CHICAGO (WBBM) -- Legislation that would restrict free mass transit rides to low-income Illinois senior citizens is awaiting action by Gov. Pat Quinn., who previously has defended free rides for all seniors.
As WBBM Newsradio 780's Bob Roberts reports, the Regional Transportation Authority said Tuesday that it hopes to change Quinn's mind, but officials have no idea what Quinn is thinking.
Quinn threatened repeatedly last fall to veto the bill if it landed on his desk. It has, and new RTA Executive Director Joe Costello is at a loss to say what Quinn intends to do now, despite efforts to meet with Quinn and his staff.
LISTEN: Newsradio 780's Bob Roberts reports
"We got no assurance from the governor -- no assurance one way or the other," Costello said Tuesday.
Costello said legislative leaders could not provide transit officials with any insight, either.
Although the bill passed the Illinois House 95-15 and the Senate 54-2, a Quinn veto would stick because the new General Assembly, which was seated Wednesday, cannot vote to override the veto of legislation passed by the old legislature.
Costello hopes to lobby Quinn personally, as well as his staff, and said even at the low end of RTA projections, the fares that would be generated is money that transit systems need.
"$33-34 million? That's real money. That would go a long way," he said.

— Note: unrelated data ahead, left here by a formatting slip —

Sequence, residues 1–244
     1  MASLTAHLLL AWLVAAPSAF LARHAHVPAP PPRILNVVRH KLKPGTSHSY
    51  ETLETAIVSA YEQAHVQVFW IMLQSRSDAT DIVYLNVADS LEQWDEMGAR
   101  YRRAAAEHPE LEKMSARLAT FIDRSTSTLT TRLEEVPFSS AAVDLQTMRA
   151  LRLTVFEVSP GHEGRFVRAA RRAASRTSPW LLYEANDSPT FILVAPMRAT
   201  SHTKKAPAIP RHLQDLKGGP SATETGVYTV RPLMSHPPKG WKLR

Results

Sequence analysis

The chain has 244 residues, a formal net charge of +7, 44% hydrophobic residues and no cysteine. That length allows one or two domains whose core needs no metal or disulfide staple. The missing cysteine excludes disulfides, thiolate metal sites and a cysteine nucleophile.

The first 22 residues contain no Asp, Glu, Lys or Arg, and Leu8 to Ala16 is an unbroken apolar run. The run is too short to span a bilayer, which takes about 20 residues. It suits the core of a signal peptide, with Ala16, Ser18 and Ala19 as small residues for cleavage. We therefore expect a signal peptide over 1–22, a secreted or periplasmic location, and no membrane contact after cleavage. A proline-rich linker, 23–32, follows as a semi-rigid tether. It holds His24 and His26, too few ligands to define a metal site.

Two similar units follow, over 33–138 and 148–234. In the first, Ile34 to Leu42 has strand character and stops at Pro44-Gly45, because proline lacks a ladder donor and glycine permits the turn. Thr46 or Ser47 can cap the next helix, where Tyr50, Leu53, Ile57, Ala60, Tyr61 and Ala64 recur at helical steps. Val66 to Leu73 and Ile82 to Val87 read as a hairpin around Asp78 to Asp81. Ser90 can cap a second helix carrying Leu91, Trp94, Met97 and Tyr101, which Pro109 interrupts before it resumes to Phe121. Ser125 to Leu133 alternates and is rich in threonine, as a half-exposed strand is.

Projections in a University of Illinois at Chicago (UIC) study released last year indicated that the revenue gained could be anywhere between $33 and $112 million a year. The UIC study called the existing program, enacted in March 2008 at the insistence of then-Gov. Rod Blagojevich, "unsustainable."
By contrast, Quinn signaled quickly that he intends to sign the bill giving the state of Illinois' executive inspector general the power to investigate Chicago-area transit agencies.
The bill would limit eligibility for senior free rides to those who qualify for the state of Illinois Circuit Breaker program. Circuit Breaker benefits are allocated only to individuals who make less than $27,610 a year, households of two with earnings of $36,635 or less and households of three with income of $45,657 or less.
It would give transit agencies 180 days to implement the means test, although it remains unclear if all seniors who do not qualify for free rides would be issued new half-fare cards immediately or if they would simply trade in their existing free-ride cards for half-fare cards as they expire.
The cards are programmed to expire automatically four years after being issued. Federal law requires that those over 65 be charged no more than half fare.
Reaction from senior citizens is mixed. Some say that they are willing to pay half fare. Others are angered by the legislation.
"No matter what money you're taking in or what the situation is with the senior free ride pass, you're going to have a big uprising from all the seniors with that bill," said Charlie Yale, a retired CTA employee and frequent transit critic.
The number of cards being issued has slowed dramatically over the past year but continues to climb. RTA statistics show that, as of Tuesday, it had issued 434,582 free ride cards to Chicago-area senior citizens, up from 426,500 in November, 396,000 at the end of 2009 and 247,000 at the end of 2008.
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